Sandi: I don't think makeup can stretch a person's neck or make one eye the exact mirror image of the other, but really, my point was girls making themselves anorexic and women getting breat implants and plastic surgery to emulate air-brushed magazine model photos I think that was also the point of the people who made the video.


What a difference 80 miles makes in the weather. It was overcast here, with an air stagnation advisory due to the continuing temperature inversion. I talked to my mother in Beaverton, Oregon, this afternoon. It was sunny there, with sustained winds in the neighborhood of 40 mph and their power had been out for a couple of hours earlier in the day. She said gusts as high as 87 mph had been clocked in the Columbia Gorge.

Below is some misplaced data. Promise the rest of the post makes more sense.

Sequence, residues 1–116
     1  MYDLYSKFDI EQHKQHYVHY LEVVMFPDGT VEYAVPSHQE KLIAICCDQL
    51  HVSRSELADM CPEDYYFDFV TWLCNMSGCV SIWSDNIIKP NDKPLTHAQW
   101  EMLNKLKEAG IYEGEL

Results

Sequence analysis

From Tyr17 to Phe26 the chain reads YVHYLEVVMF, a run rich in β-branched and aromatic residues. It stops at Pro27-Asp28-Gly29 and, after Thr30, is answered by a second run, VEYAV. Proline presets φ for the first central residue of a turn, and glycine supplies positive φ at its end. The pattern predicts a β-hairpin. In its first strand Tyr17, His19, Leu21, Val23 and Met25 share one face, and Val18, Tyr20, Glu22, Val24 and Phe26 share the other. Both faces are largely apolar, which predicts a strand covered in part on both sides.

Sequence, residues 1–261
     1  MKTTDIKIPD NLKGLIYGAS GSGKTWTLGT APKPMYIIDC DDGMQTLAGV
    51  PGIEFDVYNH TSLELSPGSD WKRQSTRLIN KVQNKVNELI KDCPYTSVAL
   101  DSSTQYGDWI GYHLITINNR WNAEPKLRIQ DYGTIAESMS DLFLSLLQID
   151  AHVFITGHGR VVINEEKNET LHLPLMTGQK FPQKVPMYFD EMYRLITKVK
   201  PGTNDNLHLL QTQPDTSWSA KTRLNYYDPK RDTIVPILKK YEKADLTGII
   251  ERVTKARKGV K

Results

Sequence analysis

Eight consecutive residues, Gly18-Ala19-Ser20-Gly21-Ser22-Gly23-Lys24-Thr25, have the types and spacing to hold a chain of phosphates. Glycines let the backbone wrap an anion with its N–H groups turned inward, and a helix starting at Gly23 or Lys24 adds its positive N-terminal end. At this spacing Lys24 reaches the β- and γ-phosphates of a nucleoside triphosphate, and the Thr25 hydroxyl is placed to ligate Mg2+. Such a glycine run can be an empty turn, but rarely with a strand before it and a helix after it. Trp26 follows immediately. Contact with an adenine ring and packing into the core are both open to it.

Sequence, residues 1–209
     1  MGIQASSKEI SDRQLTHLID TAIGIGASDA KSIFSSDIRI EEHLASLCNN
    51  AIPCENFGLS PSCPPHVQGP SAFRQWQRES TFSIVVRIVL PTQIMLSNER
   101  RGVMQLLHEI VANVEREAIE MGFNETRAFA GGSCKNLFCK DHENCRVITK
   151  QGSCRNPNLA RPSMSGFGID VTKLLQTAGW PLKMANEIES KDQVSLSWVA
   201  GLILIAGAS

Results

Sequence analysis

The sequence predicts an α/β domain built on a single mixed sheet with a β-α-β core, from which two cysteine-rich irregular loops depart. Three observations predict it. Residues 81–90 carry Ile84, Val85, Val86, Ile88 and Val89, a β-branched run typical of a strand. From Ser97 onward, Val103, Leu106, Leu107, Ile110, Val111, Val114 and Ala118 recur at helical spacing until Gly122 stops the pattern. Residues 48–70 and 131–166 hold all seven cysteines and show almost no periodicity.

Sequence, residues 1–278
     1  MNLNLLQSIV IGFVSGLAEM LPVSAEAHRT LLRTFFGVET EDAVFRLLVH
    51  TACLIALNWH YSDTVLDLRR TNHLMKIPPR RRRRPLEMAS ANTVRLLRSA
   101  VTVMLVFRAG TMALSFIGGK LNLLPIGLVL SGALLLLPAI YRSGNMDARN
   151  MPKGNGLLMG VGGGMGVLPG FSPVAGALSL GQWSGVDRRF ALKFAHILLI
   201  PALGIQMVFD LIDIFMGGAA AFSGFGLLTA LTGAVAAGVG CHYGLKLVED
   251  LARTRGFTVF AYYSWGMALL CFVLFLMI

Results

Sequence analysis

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46. sandiquiz
7:53 AM GMT on January 24, 2014
I couldn't see you video from my Ipad. Apple do not support Flash, therefore any videos that use it can't be seen.

So now on my laptop, and found a white square... perhaps someone has ' passed it along' already!

More likely it is Kaspersky doing a full scan on this lappy, which means it makes the performance soooo sloooooow! I'll go to make another coffee and then come back - it might have loaded by then.

Right, coffee in hand and I have watched it. I went to Youtube to read the comments and I found she is an Hungarian singer who also performs in French.
The video was not done using photoshop, it was all real. She was photographed having makeup and hair done, then it was put together, with some very clever editing.

I found this comment somewhere in the 1000 plus comments!

"2 guys worked for 4 months on this video. The girl has changes using real makeups on this video, not photoshops"
Guess the guy who wrote it speaks Hungarian too, looking at the English :)